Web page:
7. Coming Forward Promptly Will Help Maximize the Government’s Chances of Enforcement and Recovery

Finally, regardless of any statute of limitations that may come into play, coming forward promptly will help maximize the government’s chances of enforcement and recovery. Delays in conducting investigations and initiating enforcement proceedings can lead to loss of evidence and other challenges in some cases. By coming forward as soon as you are prepared to do so, you can help give the government the best opportunity to establish full accountability.

While these are some of the main reasons why you shouldn’t wait if you are thinking about blowing the whistle, these are by no means the only reasons why you should consult with an attorney promptly. If you have any questions about serving as a federal whistleblower, we strongly encourage you to schedule a free and confidential consultation at Oberheiden P.C.

FAQs: Deciding When (and Whether) to File a Federal Whistleblower Complaint

How Long Do I Have to File a Federal Whistleblower Complaint?

While there aren’t any strict deadlines for filing a federal whistleblower complaint, waiting to file can limit the government’s ability to pursue a successful enforcement action. Federal statutes of limitations can also come into play in some cases; and, if the statute of limitations for pursuing enforcement expires, the government won’t be able to use the information you provide.

What If I Have Concerns About Being Implicated in the Wrongdoing?

If you are thinking about blowing the whistle but have concerns about being implicated in the wrongdoing that you would be reporting, you should seek advice from an experienced whistleblower lawyer promptly. There are ways that you can protect yourself in this situation, but informed decision-making is required.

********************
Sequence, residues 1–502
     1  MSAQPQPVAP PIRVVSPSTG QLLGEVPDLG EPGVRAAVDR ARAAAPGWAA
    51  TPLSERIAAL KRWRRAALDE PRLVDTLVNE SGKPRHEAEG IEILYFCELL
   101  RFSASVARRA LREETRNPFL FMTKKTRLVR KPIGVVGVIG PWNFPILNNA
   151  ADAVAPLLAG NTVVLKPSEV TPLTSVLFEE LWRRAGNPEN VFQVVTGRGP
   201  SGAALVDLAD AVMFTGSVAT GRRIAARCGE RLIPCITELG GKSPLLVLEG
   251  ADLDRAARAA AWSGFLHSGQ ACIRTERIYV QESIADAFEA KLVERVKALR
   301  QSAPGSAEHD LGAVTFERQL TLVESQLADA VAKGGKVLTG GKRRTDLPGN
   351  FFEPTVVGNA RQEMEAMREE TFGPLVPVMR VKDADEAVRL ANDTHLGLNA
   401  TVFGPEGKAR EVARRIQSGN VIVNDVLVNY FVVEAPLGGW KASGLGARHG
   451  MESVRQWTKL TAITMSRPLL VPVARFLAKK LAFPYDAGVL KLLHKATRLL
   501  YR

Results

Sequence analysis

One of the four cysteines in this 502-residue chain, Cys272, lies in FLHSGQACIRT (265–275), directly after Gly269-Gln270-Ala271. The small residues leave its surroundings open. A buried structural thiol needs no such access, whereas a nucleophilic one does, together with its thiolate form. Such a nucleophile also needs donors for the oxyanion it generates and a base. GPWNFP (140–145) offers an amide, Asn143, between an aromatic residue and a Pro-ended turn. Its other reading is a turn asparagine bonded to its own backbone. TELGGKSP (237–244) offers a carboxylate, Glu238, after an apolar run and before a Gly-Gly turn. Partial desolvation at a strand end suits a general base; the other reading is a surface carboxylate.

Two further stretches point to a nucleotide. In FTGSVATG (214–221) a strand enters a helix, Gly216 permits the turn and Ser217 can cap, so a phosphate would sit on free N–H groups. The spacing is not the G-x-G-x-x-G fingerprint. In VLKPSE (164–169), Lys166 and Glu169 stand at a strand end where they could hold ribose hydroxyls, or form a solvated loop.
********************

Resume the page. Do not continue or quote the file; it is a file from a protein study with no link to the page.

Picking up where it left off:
What If I Have Concerns About Retaliation?

Private and public employers are prohibited from retaliating against whistleblowers under federal law. As a result, as a federal whistleblower, you should not face retaliation at work. If your employer retaliates against you illegally, your lawyer will be able to take appropriate legal action on your behalf.

Also, keep in mind that federal whistleblowers are entitled to confidentiality, and federal whistleblowers can file anonymously in some cases. As a result, there is a good chance that your employer won’t know that you blew the whistle.

What Happens if I Don’t Blow the Whistle on Federal Fraud, Waste, or Abuse?

The short answer to this question is, “Nothing.” If you don’t report fraud, waste, or abuse and the government has no way of uncovering it independently, nothing will happen. Whistleblowers play a critical role in the government’s fight against fraud, waste, and abuse—and this makes it extremely important that you make an informed decision about coming forward.

How Can I Decide Whether to Come Forward as a Federal Whistleblower?

To decide whether to come forward as a federal whistleblower, you should consult with an experienced lawyer promptly. At Oberheiden P.C., we represent prospective whistleblowers nationwide, and we can provide you with the information and insights you need to feel confident in your next steps.


Schedule a Free and Confidential Consultation with a Whistleblower Lawyer at Oberheiden P.C.

If you would like to speak with a federal whistleblower lawyer at Oberheiden P.C., we invite you to get in touch. To schedule an appointment at your convenience, please call 888-680-1745 or contact us confidentially online today.